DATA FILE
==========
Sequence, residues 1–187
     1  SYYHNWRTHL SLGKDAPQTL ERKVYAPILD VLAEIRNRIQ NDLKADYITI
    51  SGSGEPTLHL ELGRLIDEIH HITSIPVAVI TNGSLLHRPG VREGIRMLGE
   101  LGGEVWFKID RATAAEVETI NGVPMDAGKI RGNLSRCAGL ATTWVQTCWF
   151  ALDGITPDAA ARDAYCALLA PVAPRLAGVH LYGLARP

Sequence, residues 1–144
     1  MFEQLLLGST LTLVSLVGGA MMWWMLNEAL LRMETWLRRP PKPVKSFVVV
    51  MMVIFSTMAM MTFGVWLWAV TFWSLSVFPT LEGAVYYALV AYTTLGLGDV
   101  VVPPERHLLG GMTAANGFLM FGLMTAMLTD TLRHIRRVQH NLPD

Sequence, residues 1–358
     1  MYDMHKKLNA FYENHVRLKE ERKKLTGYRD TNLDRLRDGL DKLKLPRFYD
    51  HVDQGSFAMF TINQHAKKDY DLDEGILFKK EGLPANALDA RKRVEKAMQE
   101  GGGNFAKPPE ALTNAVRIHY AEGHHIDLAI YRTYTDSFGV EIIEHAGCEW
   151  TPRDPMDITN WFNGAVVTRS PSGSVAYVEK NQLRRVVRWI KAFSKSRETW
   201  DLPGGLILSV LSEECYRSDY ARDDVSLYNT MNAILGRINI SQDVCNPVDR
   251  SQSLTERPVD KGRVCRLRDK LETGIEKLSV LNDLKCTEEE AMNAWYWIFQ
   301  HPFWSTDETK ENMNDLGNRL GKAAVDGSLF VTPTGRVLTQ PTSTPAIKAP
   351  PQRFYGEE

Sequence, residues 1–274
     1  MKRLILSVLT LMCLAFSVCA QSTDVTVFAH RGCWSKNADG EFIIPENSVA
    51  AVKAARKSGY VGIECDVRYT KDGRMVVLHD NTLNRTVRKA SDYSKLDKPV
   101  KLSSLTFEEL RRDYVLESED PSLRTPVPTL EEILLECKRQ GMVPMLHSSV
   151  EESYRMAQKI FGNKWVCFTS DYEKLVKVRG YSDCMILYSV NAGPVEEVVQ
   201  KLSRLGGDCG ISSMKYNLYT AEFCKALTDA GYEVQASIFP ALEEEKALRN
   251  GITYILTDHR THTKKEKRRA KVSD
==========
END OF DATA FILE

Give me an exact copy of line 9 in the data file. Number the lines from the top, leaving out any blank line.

   101  VVPPERHLLG GMTAANGFLM FGLMTAMLTD TLRHIRRVQH NLPD